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[Review] – ‘Blue Jasmine’

 
 
Overview
 

Release Date: 27th September 2013
 
Director: Woody Allen
 
Writer: Woody Allen
 
Cast: Cate Blancett - Alec Baldwin - Peter Sarsgaard - Sally Hawkins - Andrew Dice Clay - Booby Cannavale - Louis C.K - Michael Stuhlberg - Max Casella
 
Direction
 
 
 
 
 


 
Writing
 
 
 
 
 


 
Performance
 
 
 
 
 


 
Sound & Music
 
 
 
 
 


 
Cinematography
 
 
 
 
 


 
Editing
 
 
 
 
 


 
Visual Effects
 
 
 
 
 


 
Total Score
 
 
 
 
 
4/5


User Rating
11 total ratings

 


0
Posted February 13, 2014 by

 
Full Article
 
 

Review:

Woody Allen’s latest Feature, Blue Jasmine is funny, sad and as awkward as ever. Woody has been known for his exploration of relationships and succeeding at making audiences squirm whilst watching his pieces and Blue Jasmine is no exception. With the iconic Jazz soundtrack playing in the background, meet Jasmine French (Cate Blancett). A former New York socialite that finds herself completely broke and with no one to turn to other than her estranged sister, Ginger (Sally Hawkins) in San Francisco. As Jasmine struggles to settle in to her sister’s hectic lifestyle, she is continuously haunted by the memories of her privileged past, torturing herself with the realities she trustingly ignored. She looks a million but certainly doesn’t feel it. Panic attacks and throws of snobbery over take her as she is forced into a life she clearly doesn’t think she deserves.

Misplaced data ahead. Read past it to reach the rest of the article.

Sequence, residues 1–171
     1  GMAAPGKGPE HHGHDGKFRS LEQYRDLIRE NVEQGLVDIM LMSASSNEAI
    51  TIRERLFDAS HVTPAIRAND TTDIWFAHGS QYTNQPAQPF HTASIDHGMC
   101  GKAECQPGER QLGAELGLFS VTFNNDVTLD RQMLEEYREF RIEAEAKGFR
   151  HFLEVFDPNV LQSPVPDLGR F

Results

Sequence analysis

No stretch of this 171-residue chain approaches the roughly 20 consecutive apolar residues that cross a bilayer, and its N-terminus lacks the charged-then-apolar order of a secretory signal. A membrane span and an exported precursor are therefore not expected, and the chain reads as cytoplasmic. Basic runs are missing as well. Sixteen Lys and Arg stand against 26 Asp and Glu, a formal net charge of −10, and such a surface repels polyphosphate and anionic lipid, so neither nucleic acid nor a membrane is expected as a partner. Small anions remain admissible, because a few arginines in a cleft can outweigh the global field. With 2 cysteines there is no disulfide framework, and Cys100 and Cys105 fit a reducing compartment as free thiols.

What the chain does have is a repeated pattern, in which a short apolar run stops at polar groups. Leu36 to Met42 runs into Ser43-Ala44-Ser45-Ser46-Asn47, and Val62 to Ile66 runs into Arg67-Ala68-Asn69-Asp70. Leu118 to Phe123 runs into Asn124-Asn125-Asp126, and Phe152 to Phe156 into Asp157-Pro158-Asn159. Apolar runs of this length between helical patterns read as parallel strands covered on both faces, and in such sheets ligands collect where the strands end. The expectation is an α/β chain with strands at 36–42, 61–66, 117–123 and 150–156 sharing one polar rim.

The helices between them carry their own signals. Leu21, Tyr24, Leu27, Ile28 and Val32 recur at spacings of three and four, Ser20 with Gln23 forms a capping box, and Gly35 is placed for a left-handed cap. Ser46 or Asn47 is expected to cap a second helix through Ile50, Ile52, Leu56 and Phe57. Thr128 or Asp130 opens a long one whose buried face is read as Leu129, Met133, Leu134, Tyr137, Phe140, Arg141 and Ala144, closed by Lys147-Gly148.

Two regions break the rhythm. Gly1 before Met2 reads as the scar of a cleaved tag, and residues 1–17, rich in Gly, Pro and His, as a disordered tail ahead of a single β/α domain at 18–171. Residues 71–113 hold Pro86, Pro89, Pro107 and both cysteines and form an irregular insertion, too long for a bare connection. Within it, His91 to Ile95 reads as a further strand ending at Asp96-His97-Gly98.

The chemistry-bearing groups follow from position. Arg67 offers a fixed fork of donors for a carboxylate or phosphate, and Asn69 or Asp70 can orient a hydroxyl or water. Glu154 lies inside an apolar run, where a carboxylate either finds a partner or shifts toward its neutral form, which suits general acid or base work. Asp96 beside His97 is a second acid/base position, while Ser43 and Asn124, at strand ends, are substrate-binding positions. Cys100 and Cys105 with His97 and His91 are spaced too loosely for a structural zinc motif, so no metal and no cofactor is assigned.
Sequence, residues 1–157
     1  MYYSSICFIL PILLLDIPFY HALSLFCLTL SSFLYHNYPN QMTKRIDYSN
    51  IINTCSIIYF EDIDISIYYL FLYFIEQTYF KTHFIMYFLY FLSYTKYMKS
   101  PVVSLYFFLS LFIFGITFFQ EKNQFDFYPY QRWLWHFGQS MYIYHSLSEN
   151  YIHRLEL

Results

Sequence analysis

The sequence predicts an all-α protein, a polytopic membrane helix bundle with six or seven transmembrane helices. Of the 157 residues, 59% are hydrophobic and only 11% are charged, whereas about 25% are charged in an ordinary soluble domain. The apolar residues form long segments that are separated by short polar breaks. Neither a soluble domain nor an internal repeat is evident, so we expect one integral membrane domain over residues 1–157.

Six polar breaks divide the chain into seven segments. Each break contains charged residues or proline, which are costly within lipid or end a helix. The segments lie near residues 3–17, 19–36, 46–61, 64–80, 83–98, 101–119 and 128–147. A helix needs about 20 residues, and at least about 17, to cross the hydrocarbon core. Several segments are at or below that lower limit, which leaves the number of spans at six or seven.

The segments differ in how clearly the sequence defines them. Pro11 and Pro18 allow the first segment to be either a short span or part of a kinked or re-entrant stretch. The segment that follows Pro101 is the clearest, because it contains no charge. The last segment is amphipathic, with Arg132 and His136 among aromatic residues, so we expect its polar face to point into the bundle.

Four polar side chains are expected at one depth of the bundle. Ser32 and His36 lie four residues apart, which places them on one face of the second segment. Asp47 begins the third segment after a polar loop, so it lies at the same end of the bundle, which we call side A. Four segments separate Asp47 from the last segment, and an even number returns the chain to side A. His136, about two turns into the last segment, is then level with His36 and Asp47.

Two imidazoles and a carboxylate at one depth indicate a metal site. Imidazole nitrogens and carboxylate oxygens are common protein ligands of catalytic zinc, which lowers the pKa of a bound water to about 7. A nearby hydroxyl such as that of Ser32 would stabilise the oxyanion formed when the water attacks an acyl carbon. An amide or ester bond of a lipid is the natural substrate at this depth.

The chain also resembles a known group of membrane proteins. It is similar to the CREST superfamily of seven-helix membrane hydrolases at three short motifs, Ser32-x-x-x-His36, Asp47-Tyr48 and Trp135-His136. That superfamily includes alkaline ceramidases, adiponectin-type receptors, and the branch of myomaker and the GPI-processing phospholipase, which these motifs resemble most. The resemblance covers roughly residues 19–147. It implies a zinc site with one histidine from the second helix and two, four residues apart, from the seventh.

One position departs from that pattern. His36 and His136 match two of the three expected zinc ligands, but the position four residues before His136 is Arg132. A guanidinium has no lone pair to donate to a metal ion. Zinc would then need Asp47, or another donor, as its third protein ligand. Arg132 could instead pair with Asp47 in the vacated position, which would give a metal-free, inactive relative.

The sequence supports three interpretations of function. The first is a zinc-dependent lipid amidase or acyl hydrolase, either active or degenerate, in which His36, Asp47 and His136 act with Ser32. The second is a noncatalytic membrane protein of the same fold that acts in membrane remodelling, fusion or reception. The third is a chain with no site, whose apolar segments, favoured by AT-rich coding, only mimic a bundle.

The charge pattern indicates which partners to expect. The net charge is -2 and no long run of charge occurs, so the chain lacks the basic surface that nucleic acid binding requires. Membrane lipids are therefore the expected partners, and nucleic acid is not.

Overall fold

This unsuspected heavyweight film addresses first world anxieties about identity and self-worth. Jasmine thinks that her world is over and that having no money is the end. The worst thing about her character is that she looks down on Ginger and her lifestyle, including her choice of partners. She is not someone you would want to have lunch with and would certainly not want her to be related to you – but she’s family and family comes first. At least it does for the full hearted Ginger, who provides a roof over head in her time of need.

Allen’s confident simple shooting style consisting of wide shoots and various close-ups works seamlessly alongside the tragedy of this narrative.  You can’t look away from the screen and witnessing how broken every, single character on screen actually is, is truly fascinating. They all re-invent themselves and try to be something they aren’t or distort their true self slightly, in order to gain attention – everyone is a ‘phony’. Blanchett has received a lot of good press for this role, and is getting nominated for awards left, right and centre and so she should. She carefully flips between the strong, unstoppable woman who wants to take life by the horns and the creature that is fragile and vulnerable suffering from chronic depression. Although the spotlight is on Jasmine, the supporting cast shine through with the delightful comic relief provided by Louis C.K., Michael Stuhlberg and Max Casella and deceptively charming performances from Alec Baldwin, Andrew Dice Clay and Peter Sarsgaard. This also gives Sally Hawkins and Bobby Cannavale a chance; both giving compelling and heartbreaking performances as the passionate couple.

Even though Blue Jasmine doesn’t have so many laughs as Allen’s previous work, it is still a thoroughly enjoyable experience with some laughs here and there.  The films abrupt ending was truly devastating but the points made regarding human interaction are, as usual – ingenious.

Written By:

Screen Shot 2014-07-19 at 20.05.17

Gloria Daniels-Moss
cinelanguage.blogspot.com
@Cinelanguage
Freelance Contributor


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